The decision was the latest step in a long-running battle over subsidies for airplane sales that might be settled eventually only through trans-Atlantic negotiations.

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The World Trade Organization’s appellate body affirmed Monday that Boeing received at least $5 billion in improper subsidies from the U.S. government to develop its 787 Dreamliner and other jet models, giving it an unfair advantage over its European rival, Airbus.

European and U.S. officials said the ruling generally upheld findings that the WTO released in March 2011.

The decision was the latest step in a long-running battle over subsidies for airplane sales that might be settled eventually only through trans-Atlantic negotiations.

Both the European Union and the United States claimed victories in the latest ruling.

The WTO has no enforcement mechanism, and both sides pointed to different aspects of the ruling in their efforts to seek more negotiating leverage.

European leaders said Monday that they were delighted that the appeals judges confirmed that the United States had improperly subsidized Boeing’s aircraft development, while U.S. officials maintained that the subsidies were smaller than those that Europe had provided to Airbus.

In an earlier case, WTO investigators found that Airbus had benefited from four decades of improper subsidies to vault past Boeing to become the world’s top jet builder.

That ruling concluded that Airbus had received $15 billion in loans from European governments at below-market interest rates and several billion dollars in grants to produce the A380 superjumbo jet and five other best-selling models.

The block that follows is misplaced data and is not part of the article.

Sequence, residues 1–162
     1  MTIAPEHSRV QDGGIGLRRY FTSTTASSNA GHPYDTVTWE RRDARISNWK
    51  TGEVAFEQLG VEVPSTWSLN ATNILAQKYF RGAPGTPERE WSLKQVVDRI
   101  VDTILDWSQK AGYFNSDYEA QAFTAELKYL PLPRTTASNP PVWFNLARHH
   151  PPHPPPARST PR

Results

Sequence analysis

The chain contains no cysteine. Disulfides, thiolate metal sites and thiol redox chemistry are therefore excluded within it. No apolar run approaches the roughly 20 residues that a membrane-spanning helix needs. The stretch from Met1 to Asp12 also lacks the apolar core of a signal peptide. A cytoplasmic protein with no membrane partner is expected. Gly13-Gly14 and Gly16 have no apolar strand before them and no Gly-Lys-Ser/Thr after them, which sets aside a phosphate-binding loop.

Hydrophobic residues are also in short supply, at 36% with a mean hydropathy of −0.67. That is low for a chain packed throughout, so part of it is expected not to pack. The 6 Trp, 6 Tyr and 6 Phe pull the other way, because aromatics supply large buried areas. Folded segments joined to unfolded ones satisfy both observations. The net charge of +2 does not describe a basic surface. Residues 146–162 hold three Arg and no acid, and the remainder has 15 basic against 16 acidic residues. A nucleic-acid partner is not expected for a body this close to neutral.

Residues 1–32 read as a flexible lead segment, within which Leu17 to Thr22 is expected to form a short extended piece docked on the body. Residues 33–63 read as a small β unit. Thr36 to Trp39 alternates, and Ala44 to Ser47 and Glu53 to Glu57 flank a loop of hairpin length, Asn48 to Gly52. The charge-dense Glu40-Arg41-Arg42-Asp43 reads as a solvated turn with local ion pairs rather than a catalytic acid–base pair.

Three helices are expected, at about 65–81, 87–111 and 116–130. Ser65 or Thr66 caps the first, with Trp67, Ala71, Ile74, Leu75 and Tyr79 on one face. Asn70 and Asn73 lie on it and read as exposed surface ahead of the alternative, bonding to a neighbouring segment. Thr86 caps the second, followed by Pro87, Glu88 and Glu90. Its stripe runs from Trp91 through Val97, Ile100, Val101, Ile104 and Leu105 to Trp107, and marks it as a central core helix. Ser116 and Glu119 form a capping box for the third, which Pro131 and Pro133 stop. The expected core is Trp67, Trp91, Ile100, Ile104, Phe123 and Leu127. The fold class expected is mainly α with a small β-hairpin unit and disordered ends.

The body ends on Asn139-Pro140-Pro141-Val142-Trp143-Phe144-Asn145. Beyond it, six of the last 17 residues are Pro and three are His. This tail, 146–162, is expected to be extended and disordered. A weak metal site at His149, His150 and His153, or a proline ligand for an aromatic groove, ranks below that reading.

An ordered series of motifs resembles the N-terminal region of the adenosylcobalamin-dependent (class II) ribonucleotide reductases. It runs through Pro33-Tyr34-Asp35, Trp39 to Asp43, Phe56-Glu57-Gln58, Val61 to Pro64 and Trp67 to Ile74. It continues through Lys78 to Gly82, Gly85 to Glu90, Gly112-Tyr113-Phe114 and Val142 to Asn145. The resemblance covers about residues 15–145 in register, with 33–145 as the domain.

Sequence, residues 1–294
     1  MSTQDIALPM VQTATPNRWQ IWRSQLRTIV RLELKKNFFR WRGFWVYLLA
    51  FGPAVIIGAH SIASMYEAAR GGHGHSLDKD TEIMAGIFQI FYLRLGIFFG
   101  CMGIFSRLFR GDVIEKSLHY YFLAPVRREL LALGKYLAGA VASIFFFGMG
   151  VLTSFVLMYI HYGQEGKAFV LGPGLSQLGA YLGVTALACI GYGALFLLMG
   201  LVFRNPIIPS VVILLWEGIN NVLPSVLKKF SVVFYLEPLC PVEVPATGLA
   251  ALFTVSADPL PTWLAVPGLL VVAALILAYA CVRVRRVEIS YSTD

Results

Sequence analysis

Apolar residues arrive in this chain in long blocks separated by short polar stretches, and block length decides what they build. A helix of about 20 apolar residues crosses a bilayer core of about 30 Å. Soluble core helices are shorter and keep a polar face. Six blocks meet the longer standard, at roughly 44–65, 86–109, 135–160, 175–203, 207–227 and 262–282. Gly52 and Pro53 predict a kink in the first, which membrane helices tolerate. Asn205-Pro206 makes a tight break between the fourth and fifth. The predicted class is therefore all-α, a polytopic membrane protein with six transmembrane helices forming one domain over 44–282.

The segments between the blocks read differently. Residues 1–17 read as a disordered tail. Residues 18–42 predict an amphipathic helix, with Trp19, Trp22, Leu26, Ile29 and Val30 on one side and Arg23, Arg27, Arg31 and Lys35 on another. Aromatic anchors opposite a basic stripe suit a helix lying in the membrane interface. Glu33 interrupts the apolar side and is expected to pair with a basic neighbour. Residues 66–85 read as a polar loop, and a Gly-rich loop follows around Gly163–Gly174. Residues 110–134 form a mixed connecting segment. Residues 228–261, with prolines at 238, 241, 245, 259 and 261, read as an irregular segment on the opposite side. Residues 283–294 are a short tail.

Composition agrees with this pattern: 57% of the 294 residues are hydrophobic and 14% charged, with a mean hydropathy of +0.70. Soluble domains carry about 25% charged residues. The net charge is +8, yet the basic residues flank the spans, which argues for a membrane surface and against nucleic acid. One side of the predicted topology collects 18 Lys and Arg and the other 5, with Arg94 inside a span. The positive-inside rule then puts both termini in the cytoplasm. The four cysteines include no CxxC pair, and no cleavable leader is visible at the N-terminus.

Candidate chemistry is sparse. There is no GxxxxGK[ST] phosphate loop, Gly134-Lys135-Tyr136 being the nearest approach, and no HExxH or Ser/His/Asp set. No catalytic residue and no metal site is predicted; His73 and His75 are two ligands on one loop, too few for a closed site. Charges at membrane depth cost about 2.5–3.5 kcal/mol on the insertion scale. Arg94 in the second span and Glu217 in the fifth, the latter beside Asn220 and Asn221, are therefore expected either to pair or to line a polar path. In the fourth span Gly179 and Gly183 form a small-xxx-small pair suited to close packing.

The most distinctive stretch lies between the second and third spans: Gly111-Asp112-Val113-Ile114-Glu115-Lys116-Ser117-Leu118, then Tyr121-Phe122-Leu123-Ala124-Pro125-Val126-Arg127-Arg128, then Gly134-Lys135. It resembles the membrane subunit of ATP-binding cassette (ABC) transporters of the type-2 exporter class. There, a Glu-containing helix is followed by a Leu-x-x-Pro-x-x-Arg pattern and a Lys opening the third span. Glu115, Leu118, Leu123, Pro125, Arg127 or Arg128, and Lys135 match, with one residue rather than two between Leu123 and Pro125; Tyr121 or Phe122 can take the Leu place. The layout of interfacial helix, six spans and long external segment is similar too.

The trade panel did not quantify the savings from the lower interest rates, but it said that Airbus could not have introduced many of its models when it did without the loans.

Rainer Ohler, the head of public affairs at Airbus, said Monday that Boeing’s Dreamliner, a lighter-weight passenger plane that has outsold Airbus’ midsized models, “is now to be called the ‘Subsidy-liner.’ “

But Ron Kirk, the U.S. trade representative, said that, from the various rulings, “It is now clear that European subsidies to Airbus are far larger — by multiples — and more distortive than anything that the United States does for Boeing.”

European supporters of Airbus had focused much of their complaint on research contracts that Boeing received from NASA and the Pentagon since the late 1970s to develop lightweight carbon composite materials that the manufacturer subsequently used in the design of the Dreamliner. As much as 50 percent of the 787’s primary structure, including the fuselage and wings, is made of composite materials, more than any other large civil aircraft.

U.S. officials said $2.6 billion of the subsidies that the panel found were from NASA. The appellate body also found that tax breaks that Boeing received from such states as Washington and Kansas also represented improper subsidies.

Boeing has said about $2 billion in government export subsidies had already been eliminated, though they were included in the WTO’s reports.

The ruling concluded that Washington state’s 2003 tax break for aerospace was an improper subsidy to Boeing, but “far less harmful than the Europeans alleged,” Gov. Chris Gregoire said in a statement Monday.

Gregoire said that once the WTO adopts the appellate decision later this month, the state will have six months to decide how to respond.

In one change that favored Europe, the appellate body added $476 million in subsidies in Kansas to the tally, which had previously focused on those from Washington.

European officials complained that the state and local subsidies continued while the case was under investigation.

But Robert Novick, a lawyer for Boeing, said the appeals judges also lowered the WTO’s assessment of the harm that the U.S. subsidies had caused Airbus in terms of lost plane sales.

Seattle Times staff contributed to this report.